7. Food or kitchen storage: Chip clips are great for keeping bags closed! They come in a variety of shapes and sizes, and help ensure that your snacks stay fresh after you open them. For anything that a chip clip can’t keep closed, you can’t go wrong with storage bags or Tupperware containers. Get them cheap at grocery stores, dollar stores, and general merchandise big-box stores, like Target. You can also use Tupperware to store non-food items, from hair accessories and jewelry to push pins and paper clips.
  8. Storage bins: Find these ranging in size from large to tiny, and use them for anything and everything! Small bins are great for organizing cabinets and drawers. Medium and large bins can be used for under-the-bed storage and may even be large enough to hold a comforter. When space is limited, and in a dorm room it definitely is, plastic containers are great for storing shoes, extra clothes, school supplies, and anything else you have laying around!
  9. Lamps: Many dorms only have large fluorescent lights on the ceiling, which can be enough to induce a headache or keep you awake when your roommate is trying to study late at night. A lamp is nice to have for your desk, bedside table, or sitting area. Some lamps even mimic natural sunlight so you can get a boost of vitamin D during late-night study sessions!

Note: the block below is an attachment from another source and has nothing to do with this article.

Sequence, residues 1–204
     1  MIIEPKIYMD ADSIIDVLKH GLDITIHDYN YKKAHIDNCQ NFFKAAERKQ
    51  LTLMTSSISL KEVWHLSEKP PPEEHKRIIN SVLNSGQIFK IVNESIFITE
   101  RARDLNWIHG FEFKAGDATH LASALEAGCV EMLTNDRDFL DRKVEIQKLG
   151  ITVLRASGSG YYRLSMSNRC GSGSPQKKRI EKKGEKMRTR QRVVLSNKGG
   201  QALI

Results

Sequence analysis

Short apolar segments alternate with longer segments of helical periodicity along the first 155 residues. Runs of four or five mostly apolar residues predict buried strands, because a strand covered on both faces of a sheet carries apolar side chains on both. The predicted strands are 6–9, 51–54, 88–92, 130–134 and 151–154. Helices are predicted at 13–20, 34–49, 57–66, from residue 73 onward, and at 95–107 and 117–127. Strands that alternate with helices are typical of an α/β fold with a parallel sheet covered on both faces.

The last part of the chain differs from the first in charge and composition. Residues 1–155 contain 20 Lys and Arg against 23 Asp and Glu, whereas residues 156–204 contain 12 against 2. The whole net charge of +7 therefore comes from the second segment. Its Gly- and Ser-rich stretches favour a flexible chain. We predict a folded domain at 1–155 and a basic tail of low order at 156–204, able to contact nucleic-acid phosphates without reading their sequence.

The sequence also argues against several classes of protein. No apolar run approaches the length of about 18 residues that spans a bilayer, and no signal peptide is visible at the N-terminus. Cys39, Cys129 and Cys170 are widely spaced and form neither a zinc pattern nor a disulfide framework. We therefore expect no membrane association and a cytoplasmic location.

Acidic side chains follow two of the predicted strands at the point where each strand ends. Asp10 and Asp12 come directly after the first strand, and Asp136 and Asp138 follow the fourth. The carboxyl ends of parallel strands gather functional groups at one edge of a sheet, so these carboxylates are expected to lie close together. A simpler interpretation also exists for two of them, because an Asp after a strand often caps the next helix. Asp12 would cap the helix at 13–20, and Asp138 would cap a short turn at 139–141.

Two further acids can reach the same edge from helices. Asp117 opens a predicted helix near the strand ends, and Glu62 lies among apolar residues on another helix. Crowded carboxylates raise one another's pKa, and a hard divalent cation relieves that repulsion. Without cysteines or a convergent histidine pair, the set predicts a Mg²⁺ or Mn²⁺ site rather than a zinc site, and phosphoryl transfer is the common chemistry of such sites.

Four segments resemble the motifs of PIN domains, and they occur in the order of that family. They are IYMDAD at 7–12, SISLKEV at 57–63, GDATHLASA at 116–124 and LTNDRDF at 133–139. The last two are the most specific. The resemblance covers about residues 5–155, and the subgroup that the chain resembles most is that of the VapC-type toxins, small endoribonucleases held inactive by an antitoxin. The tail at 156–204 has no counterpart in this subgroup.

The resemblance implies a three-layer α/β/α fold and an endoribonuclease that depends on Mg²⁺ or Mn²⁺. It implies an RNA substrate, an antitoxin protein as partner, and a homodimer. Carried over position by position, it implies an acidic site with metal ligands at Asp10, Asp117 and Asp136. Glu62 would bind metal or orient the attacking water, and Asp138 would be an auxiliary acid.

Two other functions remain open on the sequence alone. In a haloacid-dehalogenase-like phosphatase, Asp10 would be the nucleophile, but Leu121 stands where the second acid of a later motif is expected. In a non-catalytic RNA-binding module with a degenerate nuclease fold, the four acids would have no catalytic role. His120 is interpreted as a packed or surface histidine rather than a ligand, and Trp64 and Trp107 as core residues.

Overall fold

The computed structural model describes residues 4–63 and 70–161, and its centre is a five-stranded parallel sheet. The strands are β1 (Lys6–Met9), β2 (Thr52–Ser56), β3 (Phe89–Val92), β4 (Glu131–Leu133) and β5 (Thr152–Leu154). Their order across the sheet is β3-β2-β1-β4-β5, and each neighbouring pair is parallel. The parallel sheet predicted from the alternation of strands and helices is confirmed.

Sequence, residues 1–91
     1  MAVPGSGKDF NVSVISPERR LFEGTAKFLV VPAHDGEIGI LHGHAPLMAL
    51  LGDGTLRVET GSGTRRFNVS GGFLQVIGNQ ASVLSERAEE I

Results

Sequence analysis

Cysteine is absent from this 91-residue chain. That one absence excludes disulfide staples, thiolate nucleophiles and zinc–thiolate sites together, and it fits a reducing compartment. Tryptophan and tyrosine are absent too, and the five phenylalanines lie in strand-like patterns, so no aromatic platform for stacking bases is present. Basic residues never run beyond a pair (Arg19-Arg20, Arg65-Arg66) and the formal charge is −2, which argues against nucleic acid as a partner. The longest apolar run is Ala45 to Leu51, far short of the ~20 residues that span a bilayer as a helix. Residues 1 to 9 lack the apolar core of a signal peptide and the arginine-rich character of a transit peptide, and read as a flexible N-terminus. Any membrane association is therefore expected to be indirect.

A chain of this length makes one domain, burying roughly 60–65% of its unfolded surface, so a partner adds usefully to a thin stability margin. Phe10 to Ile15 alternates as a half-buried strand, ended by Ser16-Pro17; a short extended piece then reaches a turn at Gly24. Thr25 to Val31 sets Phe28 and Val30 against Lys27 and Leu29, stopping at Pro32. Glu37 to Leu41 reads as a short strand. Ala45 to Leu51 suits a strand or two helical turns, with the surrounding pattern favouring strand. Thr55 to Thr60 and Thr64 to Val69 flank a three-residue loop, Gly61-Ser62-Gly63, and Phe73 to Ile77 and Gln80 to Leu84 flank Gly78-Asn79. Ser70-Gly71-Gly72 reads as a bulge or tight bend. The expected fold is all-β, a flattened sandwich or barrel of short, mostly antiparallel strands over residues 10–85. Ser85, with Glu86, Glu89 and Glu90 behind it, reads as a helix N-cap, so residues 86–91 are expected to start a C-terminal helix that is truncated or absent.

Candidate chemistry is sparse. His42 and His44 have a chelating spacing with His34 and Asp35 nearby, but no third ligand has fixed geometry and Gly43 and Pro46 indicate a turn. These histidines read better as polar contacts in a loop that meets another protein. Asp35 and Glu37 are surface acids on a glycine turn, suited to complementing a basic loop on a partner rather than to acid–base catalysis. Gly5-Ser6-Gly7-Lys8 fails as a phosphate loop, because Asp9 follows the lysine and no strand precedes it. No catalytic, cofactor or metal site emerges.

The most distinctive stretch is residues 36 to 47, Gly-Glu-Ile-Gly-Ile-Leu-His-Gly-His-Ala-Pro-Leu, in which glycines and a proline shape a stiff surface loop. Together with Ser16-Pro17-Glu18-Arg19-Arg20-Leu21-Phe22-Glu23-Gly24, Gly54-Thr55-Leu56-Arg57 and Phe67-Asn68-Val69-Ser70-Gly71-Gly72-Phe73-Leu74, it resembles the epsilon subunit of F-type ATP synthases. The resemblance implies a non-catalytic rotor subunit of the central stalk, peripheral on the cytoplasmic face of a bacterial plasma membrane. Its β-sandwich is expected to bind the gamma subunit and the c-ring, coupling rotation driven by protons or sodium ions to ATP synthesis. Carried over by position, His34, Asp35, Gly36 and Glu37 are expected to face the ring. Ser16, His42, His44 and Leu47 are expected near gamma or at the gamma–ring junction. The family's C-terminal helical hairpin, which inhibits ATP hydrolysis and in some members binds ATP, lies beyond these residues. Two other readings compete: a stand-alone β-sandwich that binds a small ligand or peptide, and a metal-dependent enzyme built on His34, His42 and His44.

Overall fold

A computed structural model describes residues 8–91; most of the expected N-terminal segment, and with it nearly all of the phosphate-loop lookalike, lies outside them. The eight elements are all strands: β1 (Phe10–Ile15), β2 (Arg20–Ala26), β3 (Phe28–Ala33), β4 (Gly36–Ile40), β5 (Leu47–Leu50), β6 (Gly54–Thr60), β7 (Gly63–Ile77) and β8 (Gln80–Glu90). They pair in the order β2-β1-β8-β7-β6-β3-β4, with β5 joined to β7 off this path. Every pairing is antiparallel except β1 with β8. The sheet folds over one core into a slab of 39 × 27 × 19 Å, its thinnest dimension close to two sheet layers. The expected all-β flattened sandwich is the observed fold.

10. Decorations and photos: Most dorms and apartments look pretty bare—bleak, even—until you start adding your own personal touch. Photos of family, friends, and your favorite places can help make a room feel more like home. Paintings, holiday lights, shelves, and other decor add character and personality to a space. Any shelves you bring give you extra storage too, so it’s a win-win! Don’t forget to bring tape or mounting putty to stick your decorations to the walls. At an apartment you can use proper picture hangers, but they’re not typically allowed in dorms.

No matter where you’re living, you’ll at least be able to make it through the first night (comfortably) if you bring the items on this list! As you get settled into your new space and learn your routines, you’ll realize what more you need for your room. Add extra decor, more snacks, and fun curtains to jazz up your space and make it feel more and more like home; Target and Bed Bath & Beyond are sure to have everything you might need! Just remember, what goes into your room must also come out of it at the end of the year!

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About Hannah Holley

Hannah earned a BS in Psychology from the College of Charleston, and an MA in applied behavior analysis from Ball State University. She is a Board Certified Behavior Analyst and worked as a therapist for children with special needs for more than five years, but now spends most of her time keeping up with her own toddler. In between playing cars and picking up after her tiny human tornado, she loves to try new recipes, take photographs, and re-watch episodes of "Parks and Recreation" for the 10th time. Hannah lives in Charleston, SC.